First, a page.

The route of the Tour de France 2020 will be of a high caliber, if the difficulty is measured by the yardstick of the elevation gain swallowed up by the peloton. The sprinters will have to target their efforts very precisely, as the general profile of this edition of the Tour will crush organizations by its rugged terrain from the first week. An unprecedented introduction that announces three weeks of very intense competition, at the end of summer, a first.
1st stage (August 29): Nice (middle country) -Nice
156 km. The first stage of this Tour de France will make a long loop in the Nice hinterland with, rare thing, three difficulties to borrow from the inaugural Saturday.
2nd stage (August 30): Nice (high country) -Nice
187 km. From the second day, the long but steady Col de la Colmiane (16 km at 6.3%) placed in the first third of the stage, then in the wake of the Col du Turini (15 km at 7.4%) – both having already punctuated Paris-Nice in 2018 and 2019 respectively – and the (slightly) more affordable Col d’Eze (7.8 km at 6.1%) will stand in front of the peloton, in a Tour which therefore begins at full speed slope (nearly 4,000 m of elevation gain).
3rd stage (August 31): Nice-Sisteron
198 km. Without being a mountainous stage like the day before, the profile of this day will be slightly bumpy when the runners leave the Mediterranean shores for the Provençal hinterland, and will rise to above 1000 m before descending to Sisteron for a finish that will be disputed between backpackers or sprinters.
4th stage (September 1st): Sisteron – Orcières-Merlette
157 km. A 4th stage which already touches the 2000 m altitude on its arrival: the first days of the 2020 edition will be steep, with the line drawn at the top of the climb of Orcières-Merlette, “only” 7 km but at 6.7% average. The foot includes the steepest passage, with a second kilometer of ascent announced at 8.2% on average. The runners will have already negotiated a first difficulty at nearly 1,500 m before.
5th stage (September 2): Gap-Privas
183 km. The runners will leave the Hautes-Alpes on a gentle slope for the Ardèche foothills, crossing the Rhône valley, often open to southerly winds and, why not, to the borders. Long-distance breakaways could find a fertile ground for victory, if the sprinter teams do not lock the race.
6th stage (September 3): Le Teil-Mont Aigoual
191 km. Back on the slopes for the fourth time in six days with an arrival at Mont Aigoual – which the Tour had not visited since its only passage in 1987. It is not so much the last 14 kilometers (out of 191 in total) that will make the difference, with their alternation between plateau and final elevation at a pleasant 4% on average, than the formidable and irregular Col de la Lusette (11.7 km at 7.3%) just before, and in particular two kilometers passed in 11 % slope. A total of 34 km of climb that will file the bodies after not even a week of driving.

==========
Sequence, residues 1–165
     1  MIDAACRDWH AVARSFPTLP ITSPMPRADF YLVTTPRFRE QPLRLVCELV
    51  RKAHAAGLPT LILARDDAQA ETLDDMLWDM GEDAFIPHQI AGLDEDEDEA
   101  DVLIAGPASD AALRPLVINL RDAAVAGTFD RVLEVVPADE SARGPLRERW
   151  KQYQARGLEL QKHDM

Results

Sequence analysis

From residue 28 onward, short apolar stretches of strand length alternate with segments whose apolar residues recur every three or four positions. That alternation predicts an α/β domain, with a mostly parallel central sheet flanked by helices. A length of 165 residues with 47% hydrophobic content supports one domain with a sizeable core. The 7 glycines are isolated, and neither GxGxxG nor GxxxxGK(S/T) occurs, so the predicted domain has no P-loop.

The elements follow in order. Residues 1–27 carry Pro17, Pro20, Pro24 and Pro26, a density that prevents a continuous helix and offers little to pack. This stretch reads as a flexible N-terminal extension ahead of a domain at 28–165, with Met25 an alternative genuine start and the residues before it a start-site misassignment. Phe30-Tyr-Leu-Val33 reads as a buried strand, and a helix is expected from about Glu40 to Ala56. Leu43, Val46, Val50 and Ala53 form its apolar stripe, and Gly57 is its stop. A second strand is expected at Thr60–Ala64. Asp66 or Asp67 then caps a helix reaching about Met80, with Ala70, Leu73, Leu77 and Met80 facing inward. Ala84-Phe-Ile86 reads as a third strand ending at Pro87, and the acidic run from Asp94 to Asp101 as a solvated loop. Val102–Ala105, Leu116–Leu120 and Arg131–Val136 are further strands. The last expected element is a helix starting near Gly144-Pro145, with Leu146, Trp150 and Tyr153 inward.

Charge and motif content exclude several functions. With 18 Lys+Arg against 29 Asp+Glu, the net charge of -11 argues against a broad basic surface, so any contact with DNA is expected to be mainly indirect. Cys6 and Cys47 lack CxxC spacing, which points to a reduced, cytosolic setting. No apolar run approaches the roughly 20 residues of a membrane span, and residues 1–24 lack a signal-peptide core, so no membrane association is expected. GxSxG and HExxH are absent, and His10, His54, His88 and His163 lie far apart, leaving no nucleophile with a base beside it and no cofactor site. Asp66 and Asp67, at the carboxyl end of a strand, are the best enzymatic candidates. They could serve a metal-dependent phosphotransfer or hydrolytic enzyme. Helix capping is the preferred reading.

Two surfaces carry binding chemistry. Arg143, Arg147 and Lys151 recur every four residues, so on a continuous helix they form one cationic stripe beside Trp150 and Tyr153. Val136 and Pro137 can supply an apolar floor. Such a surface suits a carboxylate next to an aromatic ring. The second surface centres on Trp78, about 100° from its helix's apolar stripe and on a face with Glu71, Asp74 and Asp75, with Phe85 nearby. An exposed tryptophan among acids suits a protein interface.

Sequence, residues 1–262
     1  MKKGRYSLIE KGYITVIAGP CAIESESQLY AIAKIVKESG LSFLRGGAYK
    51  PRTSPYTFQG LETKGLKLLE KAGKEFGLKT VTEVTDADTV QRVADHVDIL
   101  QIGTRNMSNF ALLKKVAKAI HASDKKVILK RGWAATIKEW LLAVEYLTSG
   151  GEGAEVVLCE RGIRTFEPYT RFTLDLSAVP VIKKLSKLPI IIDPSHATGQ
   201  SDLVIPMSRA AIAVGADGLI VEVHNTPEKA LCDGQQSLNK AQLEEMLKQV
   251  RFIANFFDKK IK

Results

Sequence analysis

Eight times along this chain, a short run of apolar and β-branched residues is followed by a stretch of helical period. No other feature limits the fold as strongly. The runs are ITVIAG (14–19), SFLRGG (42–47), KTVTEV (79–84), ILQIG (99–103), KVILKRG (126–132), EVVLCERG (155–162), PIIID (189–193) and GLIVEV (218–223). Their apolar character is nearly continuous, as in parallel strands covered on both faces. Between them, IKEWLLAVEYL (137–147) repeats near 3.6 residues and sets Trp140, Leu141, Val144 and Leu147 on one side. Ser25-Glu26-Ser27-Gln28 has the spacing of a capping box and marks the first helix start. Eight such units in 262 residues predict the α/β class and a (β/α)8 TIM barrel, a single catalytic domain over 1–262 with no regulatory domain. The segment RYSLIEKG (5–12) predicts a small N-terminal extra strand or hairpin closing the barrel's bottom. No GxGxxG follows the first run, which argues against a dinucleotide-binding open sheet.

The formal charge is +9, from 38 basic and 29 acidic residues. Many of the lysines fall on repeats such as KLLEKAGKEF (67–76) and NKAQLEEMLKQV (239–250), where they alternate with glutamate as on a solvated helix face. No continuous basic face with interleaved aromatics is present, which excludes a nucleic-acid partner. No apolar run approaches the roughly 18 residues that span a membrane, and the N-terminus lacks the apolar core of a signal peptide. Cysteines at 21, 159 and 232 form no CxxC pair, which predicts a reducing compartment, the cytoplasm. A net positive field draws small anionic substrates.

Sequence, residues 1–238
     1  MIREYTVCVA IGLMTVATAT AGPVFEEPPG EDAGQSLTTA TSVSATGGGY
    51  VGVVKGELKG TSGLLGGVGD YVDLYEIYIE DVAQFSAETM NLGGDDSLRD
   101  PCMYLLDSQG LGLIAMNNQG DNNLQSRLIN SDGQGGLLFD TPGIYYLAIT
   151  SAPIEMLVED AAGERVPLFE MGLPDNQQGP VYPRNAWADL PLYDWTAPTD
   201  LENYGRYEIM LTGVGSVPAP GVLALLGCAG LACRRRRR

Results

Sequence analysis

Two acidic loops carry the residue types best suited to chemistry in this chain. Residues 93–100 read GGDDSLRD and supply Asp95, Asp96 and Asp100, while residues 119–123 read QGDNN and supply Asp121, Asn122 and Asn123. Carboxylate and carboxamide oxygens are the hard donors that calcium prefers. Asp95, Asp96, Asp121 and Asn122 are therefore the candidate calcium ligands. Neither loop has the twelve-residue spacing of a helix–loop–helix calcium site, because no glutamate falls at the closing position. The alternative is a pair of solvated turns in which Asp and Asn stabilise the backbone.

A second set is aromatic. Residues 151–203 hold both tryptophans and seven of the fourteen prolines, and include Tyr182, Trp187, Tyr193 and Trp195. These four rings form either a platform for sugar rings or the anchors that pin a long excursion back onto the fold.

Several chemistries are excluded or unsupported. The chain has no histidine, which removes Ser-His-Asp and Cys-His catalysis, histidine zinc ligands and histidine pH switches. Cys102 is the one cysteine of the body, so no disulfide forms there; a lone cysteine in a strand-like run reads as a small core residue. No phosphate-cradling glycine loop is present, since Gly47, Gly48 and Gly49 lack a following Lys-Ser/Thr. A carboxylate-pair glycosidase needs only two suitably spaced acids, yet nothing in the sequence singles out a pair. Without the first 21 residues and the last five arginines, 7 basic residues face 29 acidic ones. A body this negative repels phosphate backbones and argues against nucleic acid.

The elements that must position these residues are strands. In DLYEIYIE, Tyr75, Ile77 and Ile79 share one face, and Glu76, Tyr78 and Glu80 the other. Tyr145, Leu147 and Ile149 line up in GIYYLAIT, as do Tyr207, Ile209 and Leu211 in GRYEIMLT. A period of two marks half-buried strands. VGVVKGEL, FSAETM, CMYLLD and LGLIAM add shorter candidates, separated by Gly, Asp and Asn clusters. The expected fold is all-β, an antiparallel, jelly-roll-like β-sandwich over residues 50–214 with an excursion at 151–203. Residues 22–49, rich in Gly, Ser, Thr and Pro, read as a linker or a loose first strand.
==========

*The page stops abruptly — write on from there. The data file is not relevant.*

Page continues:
7th stage (September 4): Millau-Lavaur
168 km. A hilly stage but without any real difficulty. If the weather conditions do not disseminate the peloton in small clusters, the riders could come out unscathed.
8th stage (September 5): Cazères-sur-Garonne – Loudenvielle
140 km. A series of three well-known passes, an arrival in the valley in a rather narrow stage: the Pyrenees stand in front of the peloton at the end of the first week of the race. Col de Menté, port of Balès and col de Peyresourde punctuate this mountainous stage which finally switches to Loudenvielle. The succession of three climbs introduces the lightning but strong passage that the Tour makes in the Pyrenean massif.
9th stage (September 6): Pau-Laruns
154 km. Second Béarn day before the day of rest, again of a savage severity. The brutal sequence of the passes of Hourcère and Soudet, planted well in the middle of the stage (11 km at 8.8% followed by 3.8 km at 8.5%, barely interrupted by a descent of 5 km) before the Col de Marie Blanque and its 7.7 km at 8.6% are added to the table in the last third of the stage, conclude a first week of Tour particularly marked by the mountain, in an unprecedented way in the modern history of the ordeal.
10th stage (September 8): Île d’Oléron (Le Château d’Oléron) – Île de Ré (Saint-Martin-de-Ré)
170 km. The Tour will walk from island to island the day after the rest day, for one of the few stages possibly for sprinters.
11th stage (September 9): Châtelaillon-Plage – Poitiers
167 km. New stage with very soft relief, which will still be able to smile on the teams of sprinters on the Poitou line.
12th stage (September 10): Chauvigny-Sarran
218 km. The longest stage of this 2020 edition will lead the peloton towards Sarran, through a bumpy course without being really complicated.